Sherman Alexie writes with a savage wit, an eye that focuses on both the absurd and the familiar, and speaks with a voice that is self-defacing, bitter and totally unique. In Ten Little Indians, he presents us with nine stories that deal with Indians (Alexie's preferred term) living in the modern world: a place where the past is either forgotten or re-written, where family is regarded as a possession or a burden, where class distinction flavors everything, and where love is both challenging and rewarding.
Throughout this collection, Alexie displays his talents as a writer coming into his full strength as a craftsman. Each story involves people in a moment of revelation, that single moment in time where the wrong word or a cross look can destroy everything at stake. Many of the characters are at a literal crossroads of life, dealing with real issues--be it growing older, grieving the loss of a loved one, or simply reflecting on the old ways and their place in today's transient landscape.
Several stories in the collection stand out as amazing pieces of writing. The first story, "The Search Engine," deals with a Spokane Indian student named Corliss, as she tries to locate elusive author Harlan Atwater. Corliss discovers Atwater's collection of poetry at the library and begins a search that in the end will reveal more about herself than it does of the shy writer. Alexie's prose snaps and crackles as he throws in judgments of ignorant white people, cliched Indians and human behavior in general. Even the president feels the sting of Alexie's barbed humor:
"The world is a competitive place and a poor Indian girl needs all the advantages that she can get. So if George W. Bush, a man who possessed no remarkable distinctions other than being the son of a former U.S. President, can also become President, then Corliss figured she could certainly benefit from positive ethnic stereotypes and not feel any guilt about it. For five centuries Indians were slaughtered only because they were Indians, so if Corliss received a free coffee now again from the local free-range lesbian Indiophile, then who could possibly find the wrong in that?"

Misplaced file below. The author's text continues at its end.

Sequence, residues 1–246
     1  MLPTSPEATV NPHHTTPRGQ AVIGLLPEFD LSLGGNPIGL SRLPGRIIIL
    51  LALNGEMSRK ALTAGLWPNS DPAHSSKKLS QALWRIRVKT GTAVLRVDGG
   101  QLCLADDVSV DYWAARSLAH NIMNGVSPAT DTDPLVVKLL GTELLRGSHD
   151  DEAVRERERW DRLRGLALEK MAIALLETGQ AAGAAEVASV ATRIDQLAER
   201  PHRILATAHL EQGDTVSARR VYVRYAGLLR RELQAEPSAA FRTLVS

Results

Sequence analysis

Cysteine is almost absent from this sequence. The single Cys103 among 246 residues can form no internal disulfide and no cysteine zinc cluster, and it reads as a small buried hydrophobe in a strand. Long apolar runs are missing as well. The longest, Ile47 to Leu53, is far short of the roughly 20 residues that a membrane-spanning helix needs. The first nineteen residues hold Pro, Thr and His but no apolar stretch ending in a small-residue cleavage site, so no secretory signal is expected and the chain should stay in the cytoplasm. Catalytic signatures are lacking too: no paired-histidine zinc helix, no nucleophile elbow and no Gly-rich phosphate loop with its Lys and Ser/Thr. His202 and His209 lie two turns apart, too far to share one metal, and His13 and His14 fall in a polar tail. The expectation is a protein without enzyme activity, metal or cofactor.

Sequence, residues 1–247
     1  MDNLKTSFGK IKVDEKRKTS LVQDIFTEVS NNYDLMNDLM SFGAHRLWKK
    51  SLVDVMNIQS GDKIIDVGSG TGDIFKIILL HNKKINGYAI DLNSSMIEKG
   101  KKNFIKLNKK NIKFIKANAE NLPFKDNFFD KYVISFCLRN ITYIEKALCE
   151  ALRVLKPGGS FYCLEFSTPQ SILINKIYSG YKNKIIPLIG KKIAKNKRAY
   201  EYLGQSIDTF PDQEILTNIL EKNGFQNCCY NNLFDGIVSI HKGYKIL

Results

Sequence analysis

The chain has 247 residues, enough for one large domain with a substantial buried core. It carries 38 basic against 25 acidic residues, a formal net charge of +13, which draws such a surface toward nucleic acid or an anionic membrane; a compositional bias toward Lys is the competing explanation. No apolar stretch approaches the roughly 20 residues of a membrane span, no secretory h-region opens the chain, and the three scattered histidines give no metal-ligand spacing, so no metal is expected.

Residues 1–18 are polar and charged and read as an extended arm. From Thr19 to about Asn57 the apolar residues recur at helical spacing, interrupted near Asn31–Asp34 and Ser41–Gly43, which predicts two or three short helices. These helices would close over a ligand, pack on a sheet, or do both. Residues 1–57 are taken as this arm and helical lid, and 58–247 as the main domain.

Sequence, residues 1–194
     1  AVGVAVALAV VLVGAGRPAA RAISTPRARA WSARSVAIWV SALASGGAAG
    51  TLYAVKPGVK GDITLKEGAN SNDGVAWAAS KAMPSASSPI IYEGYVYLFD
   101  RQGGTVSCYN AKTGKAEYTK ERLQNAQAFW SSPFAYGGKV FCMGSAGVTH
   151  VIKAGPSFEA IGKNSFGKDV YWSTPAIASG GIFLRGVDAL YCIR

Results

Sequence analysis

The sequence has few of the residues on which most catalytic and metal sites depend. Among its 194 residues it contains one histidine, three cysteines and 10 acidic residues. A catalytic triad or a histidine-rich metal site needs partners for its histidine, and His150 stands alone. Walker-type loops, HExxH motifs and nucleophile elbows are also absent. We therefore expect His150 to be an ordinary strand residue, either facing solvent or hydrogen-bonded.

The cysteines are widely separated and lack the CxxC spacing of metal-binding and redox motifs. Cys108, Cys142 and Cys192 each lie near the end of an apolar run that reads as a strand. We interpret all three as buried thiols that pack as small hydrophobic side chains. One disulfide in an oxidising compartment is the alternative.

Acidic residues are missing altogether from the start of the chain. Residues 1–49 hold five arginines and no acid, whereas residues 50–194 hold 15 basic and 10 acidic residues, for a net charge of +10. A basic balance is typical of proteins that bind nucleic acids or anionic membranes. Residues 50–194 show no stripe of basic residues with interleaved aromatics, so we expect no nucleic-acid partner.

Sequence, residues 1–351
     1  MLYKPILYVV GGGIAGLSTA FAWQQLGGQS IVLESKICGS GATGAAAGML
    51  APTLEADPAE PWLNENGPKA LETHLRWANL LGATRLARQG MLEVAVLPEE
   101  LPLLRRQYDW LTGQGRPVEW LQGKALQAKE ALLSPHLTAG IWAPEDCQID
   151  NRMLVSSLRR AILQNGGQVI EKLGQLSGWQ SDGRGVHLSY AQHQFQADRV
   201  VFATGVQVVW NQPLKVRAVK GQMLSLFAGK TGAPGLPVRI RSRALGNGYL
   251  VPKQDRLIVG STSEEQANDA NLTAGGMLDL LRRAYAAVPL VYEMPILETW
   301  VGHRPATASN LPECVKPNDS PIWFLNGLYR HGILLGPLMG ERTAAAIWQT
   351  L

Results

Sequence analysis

Somewhere Michael Moore is laughing.
Another story that plays with the reader's expectations is "What You Pawn I Will Redeem." The story deals with a homeless Indian who discovers his grandmother's powwow dance regalia in a pawnshop window. The pawnshop owner offers to sell the regalia back to the narrator if he can obtain $999 by noon the next day. The narrator and his friends, both fellow Indians, set off on a quest to raise the money, but of course they eventually spend any and all profits. Along the way the nameless narrator continues to meet a dizzying array of individuals all with their own story to tell, ranging from a song-singing Aluet to a sympathetic Korean shopkeeper. Throughout the collection we are treated to story after story that aims for the heart and often ends up tickling our collective funnybones.
One of the most interesting elements of Alexie's writing is his humor. Varying from an endless run of word riffs, to an insightful examination of culture and ritual, Alexie spares no one from his acerbic quips. In one story a character notes the Indian sense of humor, especially in pragmatic times:
"The two funniest tribes I've ever been around are Indians and Jews, so I guess that says something about the inherent humor of genocide."
In fact, throughout the stories, many characters end up laughing, either at their failures, the sorry state of things, or simply out of an inherent need to continue on, surviving the many contradictions of being an outsider--outcast by other outcasts.
This book is an exploding cigar, a carnation that squirts water, a sad-looking clown with hope in his eyes.
Sherman Alexie will be reading from Ten Little Indians on Tuesday, June 24, at 7 p.m. at the Regulator Bookshop in Durham. Call 286-2700 for information.